The Reds had to settle for the split of the four-game series with the Mets on Thursday when they lost 2-6.
Eric Milton had a rough outing, giving up six runs (earned) on nine hits and two walks in four and one-third innings. In the midst of the game, Milton's ERA dipped below 4.0, but before Hell could completely freeze over he gave up some runs for the loss and got it back up to 4.71.
Jason Standridge finished off the rest of the fifth with no hits. Esteban Yan worked the sixth, allowing no runs on one hit. Mike Burns held the Mets scoreless for the seventh and eighth on two hits.
I followed the game off-and-on between meetings at work via the GameDay, so I didn't really have the feel of the game. I understand that Pedro Martinez was not exactly on, which is apparently not typical. Nevertheless, the only Red to have more than one hit in the game was--brace yourself--Adam Dunn with two. The only Red to have more than one walk was--unbrace yourself--Scott Hatteberg also with two.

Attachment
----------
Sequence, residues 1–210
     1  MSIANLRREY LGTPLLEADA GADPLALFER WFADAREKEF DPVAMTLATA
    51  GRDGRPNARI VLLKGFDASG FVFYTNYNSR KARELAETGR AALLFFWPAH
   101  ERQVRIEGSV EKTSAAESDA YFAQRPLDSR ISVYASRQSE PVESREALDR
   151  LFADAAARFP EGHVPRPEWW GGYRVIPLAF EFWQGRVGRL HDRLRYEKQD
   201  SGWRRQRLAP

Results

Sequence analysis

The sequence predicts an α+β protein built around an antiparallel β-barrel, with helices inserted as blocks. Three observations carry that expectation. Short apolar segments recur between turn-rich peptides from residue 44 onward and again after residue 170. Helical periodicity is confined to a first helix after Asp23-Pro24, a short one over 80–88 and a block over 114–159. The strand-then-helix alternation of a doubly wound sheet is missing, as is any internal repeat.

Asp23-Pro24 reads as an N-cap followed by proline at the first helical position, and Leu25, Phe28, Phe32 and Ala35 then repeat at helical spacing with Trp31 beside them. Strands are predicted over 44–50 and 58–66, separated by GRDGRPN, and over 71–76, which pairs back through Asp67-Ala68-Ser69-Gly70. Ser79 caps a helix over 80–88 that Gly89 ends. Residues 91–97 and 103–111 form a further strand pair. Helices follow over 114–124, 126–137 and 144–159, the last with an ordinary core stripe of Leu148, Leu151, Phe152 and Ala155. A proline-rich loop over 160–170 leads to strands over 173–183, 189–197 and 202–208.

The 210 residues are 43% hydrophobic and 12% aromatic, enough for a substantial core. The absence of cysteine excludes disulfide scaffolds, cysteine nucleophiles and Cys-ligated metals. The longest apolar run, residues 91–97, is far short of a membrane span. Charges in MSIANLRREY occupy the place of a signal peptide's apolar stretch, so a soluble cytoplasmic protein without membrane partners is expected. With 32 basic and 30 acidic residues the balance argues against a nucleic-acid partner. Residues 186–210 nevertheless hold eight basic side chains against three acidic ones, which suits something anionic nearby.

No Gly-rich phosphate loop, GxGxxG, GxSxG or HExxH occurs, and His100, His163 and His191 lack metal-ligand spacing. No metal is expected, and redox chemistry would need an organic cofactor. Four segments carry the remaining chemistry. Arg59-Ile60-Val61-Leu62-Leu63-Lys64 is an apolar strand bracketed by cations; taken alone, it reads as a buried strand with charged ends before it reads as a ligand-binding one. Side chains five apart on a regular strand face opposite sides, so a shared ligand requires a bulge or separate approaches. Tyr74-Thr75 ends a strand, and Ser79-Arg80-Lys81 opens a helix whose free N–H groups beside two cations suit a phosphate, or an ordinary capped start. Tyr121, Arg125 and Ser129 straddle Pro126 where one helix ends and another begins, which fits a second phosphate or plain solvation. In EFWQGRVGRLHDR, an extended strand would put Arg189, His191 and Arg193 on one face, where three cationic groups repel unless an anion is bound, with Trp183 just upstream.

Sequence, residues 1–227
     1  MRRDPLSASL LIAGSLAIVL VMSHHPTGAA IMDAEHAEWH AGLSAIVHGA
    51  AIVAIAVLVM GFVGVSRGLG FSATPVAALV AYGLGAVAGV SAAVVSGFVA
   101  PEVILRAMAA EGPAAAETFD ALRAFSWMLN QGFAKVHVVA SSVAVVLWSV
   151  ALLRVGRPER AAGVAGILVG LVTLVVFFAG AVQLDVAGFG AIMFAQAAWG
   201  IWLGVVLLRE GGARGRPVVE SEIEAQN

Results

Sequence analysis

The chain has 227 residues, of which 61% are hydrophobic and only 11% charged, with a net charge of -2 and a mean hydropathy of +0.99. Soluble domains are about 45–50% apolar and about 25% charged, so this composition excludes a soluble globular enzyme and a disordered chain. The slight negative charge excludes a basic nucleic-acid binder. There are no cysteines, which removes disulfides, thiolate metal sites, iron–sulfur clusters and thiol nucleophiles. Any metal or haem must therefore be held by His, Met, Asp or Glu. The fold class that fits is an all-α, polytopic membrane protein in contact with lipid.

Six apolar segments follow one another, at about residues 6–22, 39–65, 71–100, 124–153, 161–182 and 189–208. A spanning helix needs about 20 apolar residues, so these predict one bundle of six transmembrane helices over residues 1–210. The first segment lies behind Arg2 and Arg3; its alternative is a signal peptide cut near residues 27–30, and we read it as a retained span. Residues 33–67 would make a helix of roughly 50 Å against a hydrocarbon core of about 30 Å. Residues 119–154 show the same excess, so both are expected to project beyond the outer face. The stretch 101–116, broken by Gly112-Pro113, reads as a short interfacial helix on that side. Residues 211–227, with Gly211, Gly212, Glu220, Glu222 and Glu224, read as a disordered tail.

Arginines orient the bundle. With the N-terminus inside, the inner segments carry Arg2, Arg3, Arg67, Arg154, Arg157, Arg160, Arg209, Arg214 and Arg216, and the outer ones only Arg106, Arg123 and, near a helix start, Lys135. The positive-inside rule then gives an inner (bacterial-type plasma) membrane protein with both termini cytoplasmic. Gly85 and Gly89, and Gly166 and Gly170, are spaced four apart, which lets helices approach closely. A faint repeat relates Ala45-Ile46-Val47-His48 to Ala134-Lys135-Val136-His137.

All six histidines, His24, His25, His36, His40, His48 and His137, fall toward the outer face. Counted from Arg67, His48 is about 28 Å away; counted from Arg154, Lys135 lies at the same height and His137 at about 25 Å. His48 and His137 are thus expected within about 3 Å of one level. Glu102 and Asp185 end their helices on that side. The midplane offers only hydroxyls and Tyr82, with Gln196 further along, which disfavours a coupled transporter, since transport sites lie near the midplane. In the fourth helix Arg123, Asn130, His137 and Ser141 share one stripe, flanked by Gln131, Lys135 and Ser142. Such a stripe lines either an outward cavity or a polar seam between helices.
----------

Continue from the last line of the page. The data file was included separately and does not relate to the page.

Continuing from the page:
The Reds scored first in the second, when Austin Kearns and Dunn singled. Brandon Phillips moved over the runners with a sacrifice bunt and David Ross brought in Kearns with a sacrifice fly. Dunn was stranded on third when Juan Castro struck out.
They scored their other run in the top of the fourth, still before the Mets ever made it on the board. Martinez walked the first three batters he faced: Hatteberg, Kearns, and Dunn. Brandon Phillips again sacrificed, this time with the fly variety to bring in Hatteberg. Then Ross and Castro also hit sac flies, minus the “sac” part to end the inning and waste two perfectly good baserunners.
The loss brought the Reds' record to 39-34. They would travel to Cleveland to open a three-game series against the Indians. Aaron Harang took on Jake Westbrook.